5) Alex Len: Like a lot of the guys in this year’s draft, Len was the victim of his NBA team exceeding expectations as a rookie. Instead of playing for draft position, the Suns ended up in playoff contention until the last week of the season, leaving little time to develop a raw 20-year-old lottery pick. Len is big (7’1 255), athletic and reasonably skilled and he’s five years younger than Miles Plumlee, which tells you how patient you need to be with young centers.

6) Nerlens Noel: After tearing his ACL toward the end of his freshman season at Kentucky, Noel was never going to have a big rookie season in the NBA. The Philadelphia 76ers took him as a long-term project and kept him off the floor the entire season. Noel showed plenty of promise at Kentucky, but he was also incredibly skinny as well as very raw on the offense. Larry Sanders didn’t start turning the corner in the NBA until he was 24 and Noel is still only 20.

7) Ben McLemore: McLemore wasn’t in Kansas anymore as a rookie, as he went from a featured role in Bill Self’s offense to scraping for shots next to Isaiah Thomas, Rudy Gay and DeMarcus Cousins. He’s got the stroke and athleticism to be an excellent SG in the NBA, but he has a long way to go in terms of shot selection and not too many guys to learn from in Sacramento. Going forward, he needs to focus on defense and moving the ball and the shots will come (hopefully).

8) Kentavious Caldwell-Pope: Caldwell-Pope got plenty of opportunities in the dumpster fire that was the Pistons season, but he didn’t do all that much with them. With Andre Drummond, Greg Monroe and Josh Smith clogging up the paint, Caldwell-Pope had to serve as one of their main floor spacers and he shot only 30 percent from three-point territory. Like the rest of the Pistons, he would benefit from unwinding the logjam upfront and playing with more shooters around him.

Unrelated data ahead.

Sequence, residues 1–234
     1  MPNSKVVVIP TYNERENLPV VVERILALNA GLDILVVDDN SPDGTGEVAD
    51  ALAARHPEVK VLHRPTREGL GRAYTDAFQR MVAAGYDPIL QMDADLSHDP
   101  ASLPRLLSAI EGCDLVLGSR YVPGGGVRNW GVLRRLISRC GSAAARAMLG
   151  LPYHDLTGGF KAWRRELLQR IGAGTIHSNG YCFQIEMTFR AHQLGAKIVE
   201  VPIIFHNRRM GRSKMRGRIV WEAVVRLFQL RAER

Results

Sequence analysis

9) Trey Burke: Burke broke his finger in the preseason and by the time he returned to the lineup, the Jazz season was essentially over. No rookie in this year’s class walked into more responsibility than Burke, who played 32 minutes a night in Utah and had the ball in his hands most of the time. He made the players around him better - averaging 5.6 assists on 1.9 turnovers as a rookie - he just needs more help on the offensive end from whoever Utah drafts this season.

10) CJ McCollum: Another lottery pick whose rookie season was short-circuited before it got a chance to get going. Damian Lillard and Mo Williams do everything McCollum does but better and the Trail Blazers were contending for a homecourt advantage in the playoffs for most of the season. Williams is likely gone in the off-season, but with Lillard entrenched in Portland, the question is whether McCollum is going to play next to him or be his backup.  

11) Michael Carter-Williams: One of the real surprises of this year’s rookie class, Carter-Williams had the 76ers flirting with respectability in the first few months of the season. Once they dumped Spencer Hawes and Evan Turner, leaving Thaddeus Young as the only proven NBA player in the rotation, things got real bad real quickly. No rookie was going to fix that mess and a 6’6 PG with his athleticism and floor vision has a bright future ahead of him.